Children and families who have experienced trauma need help. They need social connection. They need community-based resources to perhaps meet basic needs. They need therapy. They need streamlined care to address their biopsychosocial needs, and often it is not just a child but an entire family who needs care. At CBC, we do all of this. Today, we do it not just at our 93 Edwards Street location but also in schools, community health centers, doctors' offices, hospitals, and even a local supermarket. In this way we are removing traditional barriers to care (like transportation and stigma) and reaching more children and families than ever to address a wide array of traumatic experiences. Through our efforts we are strengthening families and creating a community that is both happier and healthier.
Typically, CBC measures success by comparing assessment data at intake vs. discharge. Because the average length of stay for our children and families is six months, long-term success is difficult to measure empirically; however, many children and families in our care stay in touch with the clinicians and therapists with whom they worked, and often we hear wonderful stories. For example, some years ago we served a teenage girl with an extensive trauma history and significant needs (i.e., her drug-addicted mother threw her out, she had no housing, she had little other family support) and we recently learned she graduated high school with honors and was awarded a science scholarship at a public university! Another boy who was once in our care bumped into his former CBC therapist, and he reported he was married and attending fathering classes so he would not repeat the mistakes his father made. Fortunately, these are just two of the many stories that indicate our efforts have impact!
Jasmine's story is a good one to share!
When we met her, Jasmine was an energetic two year old. Her mom, Bethany, brought Jasmine to CBC concerned by Jasmine's social-emotional development. Jasmine had lots of tantrums and was aggressive (throwing, hitting and biting). Teachers had a hard time controlling Jasmine.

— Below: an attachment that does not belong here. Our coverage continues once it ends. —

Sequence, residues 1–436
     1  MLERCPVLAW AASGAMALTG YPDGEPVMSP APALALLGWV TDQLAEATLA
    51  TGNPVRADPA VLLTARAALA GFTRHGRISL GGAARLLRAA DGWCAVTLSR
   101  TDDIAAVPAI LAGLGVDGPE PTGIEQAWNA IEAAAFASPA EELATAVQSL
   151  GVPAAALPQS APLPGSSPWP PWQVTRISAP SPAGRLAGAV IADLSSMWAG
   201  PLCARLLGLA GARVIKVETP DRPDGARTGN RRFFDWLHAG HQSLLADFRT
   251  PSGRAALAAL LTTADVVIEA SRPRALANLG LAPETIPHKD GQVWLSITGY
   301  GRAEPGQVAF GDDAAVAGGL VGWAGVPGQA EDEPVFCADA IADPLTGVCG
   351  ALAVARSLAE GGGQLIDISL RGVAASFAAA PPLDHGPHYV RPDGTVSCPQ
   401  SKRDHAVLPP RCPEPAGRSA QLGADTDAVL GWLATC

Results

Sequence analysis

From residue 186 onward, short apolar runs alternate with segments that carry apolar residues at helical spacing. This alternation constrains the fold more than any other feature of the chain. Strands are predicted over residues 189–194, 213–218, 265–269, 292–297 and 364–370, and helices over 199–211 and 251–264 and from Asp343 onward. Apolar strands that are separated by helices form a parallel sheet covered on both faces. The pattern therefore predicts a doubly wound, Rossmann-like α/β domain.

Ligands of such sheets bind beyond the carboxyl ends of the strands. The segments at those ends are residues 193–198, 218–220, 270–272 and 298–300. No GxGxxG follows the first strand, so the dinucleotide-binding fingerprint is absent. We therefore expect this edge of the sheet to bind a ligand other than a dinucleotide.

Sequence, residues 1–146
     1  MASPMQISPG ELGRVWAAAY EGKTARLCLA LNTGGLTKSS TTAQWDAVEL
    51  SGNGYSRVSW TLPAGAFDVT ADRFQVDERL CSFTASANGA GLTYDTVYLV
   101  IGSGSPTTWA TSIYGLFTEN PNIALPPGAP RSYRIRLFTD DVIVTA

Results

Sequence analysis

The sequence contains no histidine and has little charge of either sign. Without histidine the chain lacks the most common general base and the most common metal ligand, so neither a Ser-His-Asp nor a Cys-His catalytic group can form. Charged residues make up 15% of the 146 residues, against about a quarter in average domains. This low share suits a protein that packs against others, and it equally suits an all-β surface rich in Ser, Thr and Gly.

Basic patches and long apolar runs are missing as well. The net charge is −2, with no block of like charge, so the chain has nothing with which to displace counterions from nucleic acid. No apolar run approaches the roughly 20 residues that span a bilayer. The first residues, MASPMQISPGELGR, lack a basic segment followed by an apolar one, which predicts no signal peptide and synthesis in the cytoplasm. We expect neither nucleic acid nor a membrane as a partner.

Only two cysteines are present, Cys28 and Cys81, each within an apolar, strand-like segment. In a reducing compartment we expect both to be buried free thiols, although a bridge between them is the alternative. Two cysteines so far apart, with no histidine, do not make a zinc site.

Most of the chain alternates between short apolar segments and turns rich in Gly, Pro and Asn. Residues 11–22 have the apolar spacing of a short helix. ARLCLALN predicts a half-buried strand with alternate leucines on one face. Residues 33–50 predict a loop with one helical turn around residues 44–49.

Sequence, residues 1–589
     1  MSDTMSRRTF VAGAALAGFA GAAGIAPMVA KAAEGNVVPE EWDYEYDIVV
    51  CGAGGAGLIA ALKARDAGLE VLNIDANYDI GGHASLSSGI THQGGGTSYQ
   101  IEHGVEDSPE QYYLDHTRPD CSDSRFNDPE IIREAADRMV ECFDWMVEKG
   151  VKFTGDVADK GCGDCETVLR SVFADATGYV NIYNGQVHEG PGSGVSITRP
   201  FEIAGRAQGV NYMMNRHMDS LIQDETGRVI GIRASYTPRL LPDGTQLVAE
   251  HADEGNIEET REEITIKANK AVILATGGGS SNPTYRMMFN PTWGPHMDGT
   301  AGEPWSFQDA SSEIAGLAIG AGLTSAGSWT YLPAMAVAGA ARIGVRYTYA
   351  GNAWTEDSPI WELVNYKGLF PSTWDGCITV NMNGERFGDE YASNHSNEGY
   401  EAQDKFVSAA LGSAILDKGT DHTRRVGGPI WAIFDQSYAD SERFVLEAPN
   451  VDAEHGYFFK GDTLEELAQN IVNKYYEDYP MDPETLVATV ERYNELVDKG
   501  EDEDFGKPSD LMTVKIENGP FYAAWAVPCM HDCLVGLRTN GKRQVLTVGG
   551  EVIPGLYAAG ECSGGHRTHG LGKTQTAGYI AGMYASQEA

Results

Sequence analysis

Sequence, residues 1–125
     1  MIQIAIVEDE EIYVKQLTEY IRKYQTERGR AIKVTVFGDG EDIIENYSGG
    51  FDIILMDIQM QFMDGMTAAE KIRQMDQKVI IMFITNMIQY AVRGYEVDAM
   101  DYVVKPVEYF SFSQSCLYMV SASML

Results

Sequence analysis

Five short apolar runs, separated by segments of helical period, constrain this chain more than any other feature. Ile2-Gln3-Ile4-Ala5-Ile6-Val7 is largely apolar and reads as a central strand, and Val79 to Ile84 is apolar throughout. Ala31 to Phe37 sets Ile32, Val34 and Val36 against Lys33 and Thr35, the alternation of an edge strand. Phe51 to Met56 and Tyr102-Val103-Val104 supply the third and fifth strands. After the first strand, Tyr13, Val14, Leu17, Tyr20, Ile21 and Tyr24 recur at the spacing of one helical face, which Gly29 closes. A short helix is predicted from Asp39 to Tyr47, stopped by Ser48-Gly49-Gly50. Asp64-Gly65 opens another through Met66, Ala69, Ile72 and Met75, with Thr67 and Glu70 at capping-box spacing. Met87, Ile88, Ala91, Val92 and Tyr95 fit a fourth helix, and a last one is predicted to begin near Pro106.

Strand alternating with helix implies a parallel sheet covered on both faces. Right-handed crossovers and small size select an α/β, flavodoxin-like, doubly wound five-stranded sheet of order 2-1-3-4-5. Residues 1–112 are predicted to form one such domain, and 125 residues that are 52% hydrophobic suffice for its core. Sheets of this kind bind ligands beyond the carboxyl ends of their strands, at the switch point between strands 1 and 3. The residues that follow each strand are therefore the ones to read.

Outpatient Services: Even though we have increased our presence in nontraditional ways to increase access to behavioral health care, we still have a robust outpatient practice. It suits many children and families to seek counseling in the traditional setting, whether it be individual, group, or family therapy. Also, with your support that setting remains flexible and responsive to what the community needs. For instance, we recently recognized the need to address the specific traumas related to military services, e.g., deployment of a family member, his/her return from active duty, or combat-related PTSD. We responded with an "HONORS" program that helps families work through these issues. Also, given the increase in Autism Spectrum Disorder ("ASD"), we are currently piloting a program to serve families with ASD members.
Ciera and her family need a lot of help.
When they first came to Clifford Beers, her two oldest children had already experienced some pretty horrible things (she asks that they not be disclosed), and she was pregnant but separated from her husband. She knew she needed help, so she brought her family to CBC and worked with our therapists and care coordinators to get the help they needed and to heal.
Our increased presence in the community has us grouping together several programs/services. These include: "bridging," which provides short-term counseling for children and families in the immediate aftermath of a report of sexual abuse; Child First, which occurs in homes of family with children 0-5 to help ensure strong parent-child bonds are formed; MOMs, which is a partnership devoted to reducing the chronic stress of mothers in the community by setting up convenient locations (like a grocery store!) where they can connect to resources to help meet basic needs (diapers, housing, food); Newtown Recovery, which helped to support Sandy Hook after the tragedy of December 2012; and EMPS, which is a mobile response to a crisis in the community.
EMPS Crisis Services:EMPS Crisis Services provides an immediate response to children, adolescents and their families when a behavior health crisis is occurring. When a family dials 2-1-1, EMPS Crisis Services staff respond to a location within 45 minutes of the call.
EMPS Crisis Services provides a good example of short-term success. EMPS aims to (1) serve children and families in their homes, (2) divert use of costly hospital ERs, and (3) keep children out off expensive inpatient care. The average length of stay is 11 days, and the idea is to stabilize the issues and thoughtfully problem-solve. Treatment plans our drafted, and our data indicate that for FY15 77% of children met their treatment goals. During treatment, 4 out of 5 children (81%) of children with a history of inpatient psychiatric care were not readmitted. Also telling is the parent's ability to manage their child; at intake, 39% felt incapable of managing their child, but for FY15 this drops to 19% -- which means only 1 in 5 parents felt incapable of managing their child after treatment.
Stephen was seen by our EMPS clinician.
It happened fast for him. He had significant rage, wanted to hurt someone, and was hospitalized. School suspension followed.
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